Tuesday, December 31, 2013

Top 10 Racquetball Stories of 2013

On this the final day of 2013, The Racquetball Blog has put together its list of the Top 10 Racquetball Stories of the year. There were several to choose from, and before we get to the top 10 here are some Honourable Mentions: Rocky Carson, Rhonda Rajsich, Marco Rojas, Cliff Swain, and the doubles team of Jansen Allen & Tony Carson.

The Top 10 Racquetball Stories of 2013

10) Mexican Dominance at World Juniors. Mexicans won gold in four of the six World Cup singles divisions (U18, U16, U14 Boys & Girls) and swept all six doubles divisions at the 2013 International Racquetball Federation (IRF) World Juniors in Bolivia. It's the kind of performance that the USA junior team used to do, but the Americans haven't done in some time, and the USA had their worst outcome this year with only three (3!) medals. To be fair, two of their Junior National Champions weren't in Bolivia, but nonetheless it has to be a concern.

9) Maria Jose Vargas. The 2012 World Junior U18 Girls Champion made a big splash on the Ladies Professional Racquetball Tour (LPRT) in 2013 and is currently the 4th ranked LPRT player, having reached the semi-finals in four of the five LPRT events this season.

8) Daniel De La Rosa. There have been several young Mexican male players do well at the junior level, but none has really broken through at the senior level. Until now. De La Rosa has been on the radar for a few years, and this season he reached his first International Racquetball Tour (IRT) final, where he lost to fellow Mexican Alvaro Beltran. A string of good performances have got De La Rosa up to 6th on the IRT rankings.

7) World Racquetball Tour. A new racquetball association was created this year: the World Racquetball Tour (WRT). WRT events have been held in the southwest USA and in Mexico and Chile, and are aimed at developing mens players. The idea of having more racquetball competitions isn't bad in and of itself, although having another racquetball association that may be aimed at rivalling the IRT could be problematic if it leads to a division among the elite players, as in what happened in boxing, which had three different associations at one point each with their own champion in each weight class so it was difficult to figure out who, for example, was really the heavyweight champion of the world.

6) Alvaro Beltran. Beltran got the monkey, which was probably King Kong size, off his back by winning a IRT Tier 1 event in early November. He's been a winner in several other venues - internationally (IRF World Champion in 2000) and outdoors - but he hadn't got that big IRT win. Beltran's the 3rd ranked IRT player, and deservingly so.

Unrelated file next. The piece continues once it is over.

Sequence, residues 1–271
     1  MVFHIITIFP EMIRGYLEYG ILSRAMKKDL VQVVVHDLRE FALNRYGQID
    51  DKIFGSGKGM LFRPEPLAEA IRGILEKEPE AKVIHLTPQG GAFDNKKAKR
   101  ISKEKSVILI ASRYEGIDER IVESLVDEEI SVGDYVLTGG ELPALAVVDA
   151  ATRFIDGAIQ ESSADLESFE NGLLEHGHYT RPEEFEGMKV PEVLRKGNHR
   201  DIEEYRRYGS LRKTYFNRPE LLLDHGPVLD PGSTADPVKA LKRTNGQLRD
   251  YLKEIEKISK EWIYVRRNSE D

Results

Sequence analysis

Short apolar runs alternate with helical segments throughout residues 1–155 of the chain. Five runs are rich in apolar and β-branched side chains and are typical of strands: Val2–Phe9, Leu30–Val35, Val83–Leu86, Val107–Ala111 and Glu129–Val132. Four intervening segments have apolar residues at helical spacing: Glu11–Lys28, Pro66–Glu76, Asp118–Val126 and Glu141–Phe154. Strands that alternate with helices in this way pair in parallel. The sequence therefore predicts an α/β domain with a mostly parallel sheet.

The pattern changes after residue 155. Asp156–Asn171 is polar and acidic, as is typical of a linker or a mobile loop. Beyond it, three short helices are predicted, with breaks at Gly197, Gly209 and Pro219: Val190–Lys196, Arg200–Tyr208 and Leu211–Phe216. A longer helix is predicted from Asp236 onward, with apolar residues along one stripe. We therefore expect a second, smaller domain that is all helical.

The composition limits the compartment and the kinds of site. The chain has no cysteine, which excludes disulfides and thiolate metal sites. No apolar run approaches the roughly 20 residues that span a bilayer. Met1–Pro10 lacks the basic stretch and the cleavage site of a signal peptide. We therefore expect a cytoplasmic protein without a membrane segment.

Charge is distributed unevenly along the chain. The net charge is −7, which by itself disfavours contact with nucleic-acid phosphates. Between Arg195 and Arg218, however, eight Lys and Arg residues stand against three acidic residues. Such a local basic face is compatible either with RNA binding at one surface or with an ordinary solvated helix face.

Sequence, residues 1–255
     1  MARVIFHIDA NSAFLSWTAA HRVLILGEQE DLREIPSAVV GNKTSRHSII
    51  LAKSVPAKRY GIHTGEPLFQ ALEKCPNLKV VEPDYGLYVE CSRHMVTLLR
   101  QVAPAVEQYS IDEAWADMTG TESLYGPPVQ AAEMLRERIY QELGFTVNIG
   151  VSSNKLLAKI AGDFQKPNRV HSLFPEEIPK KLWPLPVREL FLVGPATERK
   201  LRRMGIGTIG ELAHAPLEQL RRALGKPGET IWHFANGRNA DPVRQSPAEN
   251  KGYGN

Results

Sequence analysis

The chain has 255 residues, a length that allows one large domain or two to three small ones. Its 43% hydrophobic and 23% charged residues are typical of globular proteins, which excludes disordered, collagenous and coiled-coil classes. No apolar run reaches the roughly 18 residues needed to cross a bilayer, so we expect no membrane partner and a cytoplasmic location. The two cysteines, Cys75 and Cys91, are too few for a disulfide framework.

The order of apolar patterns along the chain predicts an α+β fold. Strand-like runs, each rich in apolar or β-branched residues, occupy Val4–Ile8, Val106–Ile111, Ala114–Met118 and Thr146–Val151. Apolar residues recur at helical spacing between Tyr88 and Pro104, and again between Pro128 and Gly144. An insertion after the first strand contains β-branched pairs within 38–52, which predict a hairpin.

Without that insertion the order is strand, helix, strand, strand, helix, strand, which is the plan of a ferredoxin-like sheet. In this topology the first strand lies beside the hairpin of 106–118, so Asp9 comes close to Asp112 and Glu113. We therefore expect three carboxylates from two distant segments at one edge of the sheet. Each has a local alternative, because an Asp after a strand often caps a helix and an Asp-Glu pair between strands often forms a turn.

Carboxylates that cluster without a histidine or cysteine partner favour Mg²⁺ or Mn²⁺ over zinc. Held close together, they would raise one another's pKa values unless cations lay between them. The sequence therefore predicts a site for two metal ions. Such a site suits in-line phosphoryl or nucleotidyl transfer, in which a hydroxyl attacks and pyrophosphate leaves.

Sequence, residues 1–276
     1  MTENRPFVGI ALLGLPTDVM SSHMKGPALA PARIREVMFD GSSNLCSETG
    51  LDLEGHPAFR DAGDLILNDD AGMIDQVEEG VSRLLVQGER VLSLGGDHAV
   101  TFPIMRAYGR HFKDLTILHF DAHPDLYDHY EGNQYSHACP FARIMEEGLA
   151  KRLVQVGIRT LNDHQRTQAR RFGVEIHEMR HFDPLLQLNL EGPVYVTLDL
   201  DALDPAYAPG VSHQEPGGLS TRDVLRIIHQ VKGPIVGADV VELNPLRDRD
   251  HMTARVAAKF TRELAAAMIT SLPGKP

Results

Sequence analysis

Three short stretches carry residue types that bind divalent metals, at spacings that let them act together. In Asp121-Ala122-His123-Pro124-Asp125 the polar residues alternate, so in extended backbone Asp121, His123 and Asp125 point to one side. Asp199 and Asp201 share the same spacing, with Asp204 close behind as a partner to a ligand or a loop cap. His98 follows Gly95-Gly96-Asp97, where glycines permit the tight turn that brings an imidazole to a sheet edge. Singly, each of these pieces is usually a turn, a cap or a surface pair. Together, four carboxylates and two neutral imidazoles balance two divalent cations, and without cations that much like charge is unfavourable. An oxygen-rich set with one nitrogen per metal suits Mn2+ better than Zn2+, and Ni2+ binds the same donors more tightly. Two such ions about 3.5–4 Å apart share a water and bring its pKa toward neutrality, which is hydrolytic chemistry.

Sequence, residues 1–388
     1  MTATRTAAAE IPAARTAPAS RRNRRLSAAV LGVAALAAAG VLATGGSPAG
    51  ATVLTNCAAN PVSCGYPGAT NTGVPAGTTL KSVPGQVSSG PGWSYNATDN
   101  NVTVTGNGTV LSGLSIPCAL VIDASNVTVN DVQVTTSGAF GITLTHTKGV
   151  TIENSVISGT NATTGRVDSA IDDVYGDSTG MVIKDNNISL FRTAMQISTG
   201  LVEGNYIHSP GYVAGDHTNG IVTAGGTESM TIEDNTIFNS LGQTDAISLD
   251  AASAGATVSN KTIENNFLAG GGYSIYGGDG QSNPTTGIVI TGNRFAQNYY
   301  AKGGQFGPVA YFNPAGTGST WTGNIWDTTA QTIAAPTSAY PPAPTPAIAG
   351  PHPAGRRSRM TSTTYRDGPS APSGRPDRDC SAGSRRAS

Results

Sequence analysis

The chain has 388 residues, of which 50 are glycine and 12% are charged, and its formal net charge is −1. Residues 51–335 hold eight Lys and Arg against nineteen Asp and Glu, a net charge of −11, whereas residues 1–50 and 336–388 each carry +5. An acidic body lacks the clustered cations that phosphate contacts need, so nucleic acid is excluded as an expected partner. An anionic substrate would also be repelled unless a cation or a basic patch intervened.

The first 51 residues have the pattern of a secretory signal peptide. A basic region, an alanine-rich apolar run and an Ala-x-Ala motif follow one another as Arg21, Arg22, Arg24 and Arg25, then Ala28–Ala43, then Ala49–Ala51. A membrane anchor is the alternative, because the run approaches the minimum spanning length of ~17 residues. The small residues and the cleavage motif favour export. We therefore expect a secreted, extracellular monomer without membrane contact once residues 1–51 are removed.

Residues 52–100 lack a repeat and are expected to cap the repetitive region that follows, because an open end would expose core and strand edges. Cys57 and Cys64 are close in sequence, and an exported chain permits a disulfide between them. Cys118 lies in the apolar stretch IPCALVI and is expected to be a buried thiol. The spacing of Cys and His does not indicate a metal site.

5) Cristina Amaya. Amaya reached new heights in 2013. She was a silver medalist at the 2013 World Games in her homeland of Colombia, and late in the year reached the #3 position on the LPRT despite having some inconsistent results in the first half of the LPRT season. However, Amaya's game is clearly in the ascendency.

4) Jose Rojas. Rojas got his second career IRT win in Kansas City when he defeated IRT #1 Kane Waselenchuk and IRT #2 Rocky Carson in back to back matches. Rojas has had some disappointing results, but he seems to have raised the top end of his game, so that when he's playing his best he has a great chance to beat anyone.

3) Young players on the LPRT. Several young players have played well on the LPRT so far this season, including Amaya and Vargas, mentioned above, but also Aubrey Kirch, Veronica Sotomayor, Maria Paz Muñoz, Frédérique Lambert and Sharon Jackson. The LPRT began a scholarship program to help young players get to events, and this was begun through a suggestion by Rhonda Rajsich, and good on her for doing so. The elite of the LPRT in recent years have been over 30, Cheryl Gudinas, Kerri Wachtel, Susana Acosta, as well as Rajsich, and though they can still play at a high level, there was a need for new players to step up and this scholarship program will help them do so.

2) Kane Waselenchuk. Waselenchuk lost in his first tournament of the IRT season, but then rebounded to win his 9th US Open, which was his record setting 71 career IRT win surpassing Cliff Swain's 70 wins. The record helps to solidify Waselenchuk's position as the best men's racquetball player ever, which is something we at The Racquetball Blog have thought for sometime.

1) Paola Longoria. Longoria's on court performance has been great - she's won every women's pro event since May 2011, and could be enough to put her on top of this list alone, although it would be close with what Waselenchuk has achieved. But Longoria's the top story because of the impact she's having in Mexico, where she is a big deal. Big. Deal. Forbes Mexican edition named its most influential women in Mexico and Longoria was included along with judges, lawyers, and social activists. A tournament was created in her name and televised live within Mexico. These are things that the men's game dreams of having, and they are the reason Longoria is the biggest story in racquetball right now.

Clearly, there were a lot of good stories in racquetball in 2013 and we look forward to more of the same in 2014, when we'll continue to…

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